What are old Jews thinking?
According to the National Jewish Population Survey 2000-01, which found that 19 percent of America’s 5.2 million Jews are 65 or older, the most important Jewish priority is “remembering the Holocaust,” followed by “living an ethical and moral life” and “fighting anti-Semitism.”
This growing segment of older Jews — up 2 percent since the last survey, in 1990 — also rank a rich spiritual life, Jewish law and synagogue among their top Jewish concerns.
But the Jewish community at large isn’t likely to know that: Younger Jews often ignore their parents and grandparents, experts at a Jewish aging forum said this week.
“Why are we so obsessed with how they die but really don’t know how they live?” said Allen Glicksman, director of research and evaluation at the Philadelphia Corporation for Aging.
Glicksman was among the experts on Jewish aging who attended a one-day seminar in Philadelphia on the graying of the Jewish community and America. The conference, “Aging and the 21st Century Synagogue,” aimed to raise the profile of older Jews and get them more involved in communal Jewish life.
Much of the ignorance steams from fear of death, since younger people often associate aging with sickness and the end of life yet remain in denial of their own mortality, experts at the conference said.
Rabbi Dayle Friedman, director of “Hiddur: the Center for Aging & Judaism” at the Reconstructionist Rabbinical College in Wyncote, Pa., and a leading advocate on Jewish aging and pastoral care, said that view must change.
“We need to get over being terrified of the age wave, and think of it as the save wave,” she said.
Glicksman said the community’s attitude was reflected in the “scandalous” handling of the NJPS by the United Jewish Communities, the Jewish federation system’s umbrella organization, which funded and produced the $6 million study.
“We don’t want to hear the bad news,” Glicksman said. “We don’t want to hear that the community is getting older.”
He accused the UJC of having “trashed and trampled” the survey “because they did not like the results. But we have to be able to handle the realities” that the Jewish community is getting older.
The senior planner of the NJPS, Lorraine Blass, disputed that view. Blass said the UJC’s mission was “to present the findings — hundreds and hundreds over many months.”
“At no time verbally or in writing did we pass judgement on” the study, she said.
The UJC did “raise policy and planning implications” contained in the study, she said, but “the data is what it is.”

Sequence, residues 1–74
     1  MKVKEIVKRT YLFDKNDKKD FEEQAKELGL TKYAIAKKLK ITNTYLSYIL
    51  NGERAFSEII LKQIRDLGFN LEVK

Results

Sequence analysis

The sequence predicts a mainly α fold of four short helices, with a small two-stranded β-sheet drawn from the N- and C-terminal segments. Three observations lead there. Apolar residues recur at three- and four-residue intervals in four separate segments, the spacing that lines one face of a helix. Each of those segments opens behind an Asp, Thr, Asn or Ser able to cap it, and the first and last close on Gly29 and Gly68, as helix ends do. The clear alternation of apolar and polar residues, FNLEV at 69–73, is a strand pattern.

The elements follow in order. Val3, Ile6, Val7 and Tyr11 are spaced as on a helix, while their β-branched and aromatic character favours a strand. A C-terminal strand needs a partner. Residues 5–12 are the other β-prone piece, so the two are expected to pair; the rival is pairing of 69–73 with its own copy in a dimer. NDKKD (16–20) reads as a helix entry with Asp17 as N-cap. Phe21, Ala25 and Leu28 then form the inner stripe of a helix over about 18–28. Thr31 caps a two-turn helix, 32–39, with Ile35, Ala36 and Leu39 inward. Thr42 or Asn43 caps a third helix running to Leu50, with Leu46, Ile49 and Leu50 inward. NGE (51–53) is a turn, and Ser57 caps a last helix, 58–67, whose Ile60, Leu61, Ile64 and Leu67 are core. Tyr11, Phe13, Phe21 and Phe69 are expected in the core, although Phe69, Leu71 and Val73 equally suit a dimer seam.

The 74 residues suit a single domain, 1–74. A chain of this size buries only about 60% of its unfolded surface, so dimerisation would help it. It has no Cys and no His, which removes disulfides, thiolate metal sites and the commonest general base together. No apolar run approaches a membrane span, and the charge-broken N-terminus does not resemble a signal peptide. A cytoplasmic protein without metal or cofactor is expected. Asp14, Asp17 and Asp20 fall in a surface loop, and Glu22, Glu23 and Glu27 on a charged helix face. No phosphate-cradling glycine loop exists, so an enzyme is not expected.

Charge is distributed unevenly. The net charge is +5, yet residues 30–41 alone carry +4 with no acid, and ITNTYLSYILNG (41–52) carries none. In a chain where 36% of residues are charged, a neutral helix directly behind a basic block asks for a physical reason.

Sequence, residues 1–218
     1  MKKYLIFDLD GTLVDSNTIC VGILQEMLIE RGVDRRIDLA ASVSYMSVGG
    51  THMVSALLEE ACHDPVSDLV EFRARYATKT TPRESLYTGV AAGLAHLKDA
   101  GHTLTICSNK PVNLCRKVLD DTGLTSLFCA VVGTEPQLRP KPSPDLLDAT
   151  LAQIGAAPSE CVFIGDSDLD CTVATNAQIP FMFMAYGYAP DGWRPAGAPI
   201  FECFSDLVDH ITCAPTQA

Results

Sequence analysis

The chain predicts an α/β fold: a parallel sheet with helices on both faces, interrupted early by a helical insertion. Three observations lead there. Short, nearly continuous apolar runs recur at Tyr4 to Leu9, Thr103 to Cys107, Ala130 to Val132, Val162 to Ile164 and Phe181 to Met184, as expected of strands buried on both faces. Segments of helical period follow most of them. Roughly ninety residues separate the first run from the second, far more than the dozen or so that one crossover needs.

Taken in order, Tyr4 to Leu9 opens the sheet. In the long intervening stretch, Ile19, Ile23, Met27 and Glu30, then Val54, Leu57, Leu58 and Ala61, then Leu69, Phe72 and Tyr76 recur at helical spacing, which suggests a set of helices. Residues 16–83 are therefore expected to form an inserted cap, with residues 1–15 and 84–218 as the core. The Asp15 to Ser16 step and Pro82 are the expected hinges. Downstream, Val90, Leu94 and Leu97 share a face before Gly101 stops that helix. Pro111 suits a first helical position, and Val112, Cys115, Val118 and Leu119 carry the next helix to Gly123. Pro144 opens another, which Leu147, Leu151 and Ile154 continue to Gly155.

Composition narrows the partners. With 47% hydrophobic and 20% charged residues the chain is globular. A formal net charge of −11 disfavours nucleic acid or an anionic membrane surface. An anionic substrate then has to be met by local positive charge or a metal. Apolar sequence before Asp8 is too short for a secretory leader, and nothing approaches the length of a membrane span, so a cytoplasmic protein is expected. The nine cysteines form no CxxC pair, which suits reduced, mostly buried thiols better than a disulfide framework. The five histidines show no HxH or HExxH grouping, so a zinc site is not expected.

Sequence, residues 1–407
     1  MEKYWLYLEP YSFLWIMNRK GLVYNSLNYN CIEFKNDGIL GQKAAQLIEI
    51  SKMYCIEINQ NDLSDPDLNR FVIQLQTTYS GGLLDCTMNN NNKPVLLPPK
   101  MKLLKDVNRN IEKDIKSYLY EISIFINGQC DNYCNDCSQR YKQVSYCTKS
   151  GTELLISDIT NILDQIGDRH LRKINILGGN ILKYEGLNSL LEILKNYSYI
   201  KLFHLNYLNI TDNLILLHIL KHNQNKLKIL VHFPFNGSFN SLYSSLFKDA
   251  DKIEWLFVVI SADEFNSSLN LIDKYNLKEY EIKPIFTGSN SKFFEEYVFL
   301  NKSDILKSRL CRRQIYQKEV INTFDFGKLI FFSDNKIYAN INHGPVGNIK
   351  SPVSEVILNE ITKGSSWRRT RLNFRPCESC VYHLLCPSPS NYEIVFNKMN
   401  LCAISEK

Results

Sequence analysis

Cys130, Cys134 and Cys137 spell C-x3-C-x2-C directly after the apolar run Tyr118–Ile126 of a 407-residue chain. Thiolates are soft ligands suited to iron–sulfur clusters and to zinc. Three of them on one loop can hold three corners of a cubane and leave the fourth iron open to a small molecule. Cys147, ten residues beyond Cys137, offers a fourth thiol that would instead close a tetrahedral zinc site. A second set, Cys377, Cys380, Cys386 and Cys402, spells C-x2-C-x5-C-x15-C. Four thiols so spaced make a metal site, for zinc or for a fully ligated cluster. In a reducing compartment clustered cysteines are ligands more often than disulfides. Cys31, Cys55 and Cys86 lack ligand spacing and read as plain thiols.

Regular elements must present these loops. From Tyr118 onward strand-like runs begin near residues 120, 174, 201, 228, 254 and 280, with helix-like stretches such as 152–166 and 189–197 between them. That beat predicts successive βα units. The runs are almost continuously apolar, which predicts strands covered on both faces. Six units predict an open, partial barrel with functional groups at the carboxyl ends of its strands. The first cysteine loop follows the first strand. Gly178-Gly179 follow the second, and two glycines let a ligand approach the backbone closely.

The study did reveal a great deal of detail about Jewish seniors. Their median age had risen to 75, from 71 when the last study was done 1990, which Glicksman called a “significant” jump.
In addition, of those aged 65 and older, the study found:
aa.. 60 percent were women, a rise of 6 percent from 1990.
ab.. Half lived alone, up from 37 percent in 1990.
ac.. 36 percent said they were in “poor” or “fair” health, while 32 percent said they relied on home care on limited funds.
ad.. The study found that the Jewish attitudes and practices of those aged 65 and older revealed a liberal community that does not cling to tradition:
ae.. 54 percent said they were politically liberal, up from 49 percent in 1990.
af.. 46 percent affiliated with the Conservative movement, 30 percent with the Reform movement, 15 percent with Orthodoxy and 2 percent with the Reconstructionist movement.
ag.. 14 percent said they believe the Torah was revealed by God at Mount Sinai.
ah.. 11 percent called themselves “very religious” and 8 percent “very observant;” 10 percent said they kept a kosher home.
ai.. 52 percent said they were “comfortable” with the Reform movement.
aj.. The survey found that financial concerns also ranked high for older Jews:
ak.. Some 35 percent of senior households earned less than $25,000 annually, though 18 percent earned more than $100,000 annually.
al.. 26 percent said they “can’t make ends meet” or were “just managing financially.”
am.. 20 percent said costs had prevented them from joining a synagogue in the past year, while 18 percent said financial concerns had prevented them from synagogue membership in the past five years.
an.. 14 percent said money woes kept them from joining a Jewish community center in the past year.
ao.. Rabbi Richard Address, director of the Union for Reform Judaism’s Department of Jewish Family Concerns and its Sacred Aging project, said the conference in Philadelphia signaled that the community is changing its attitude toward the elderly.
ap.. “What we’re seeing now represents an overwhelming opportunity for creativity and new thought,” Address said.
The Archive of the Jewish Telegraphic Agency includes articles published from 1923 to 2008. Archive stories reflect the journalistic standards and practices of the time they were published.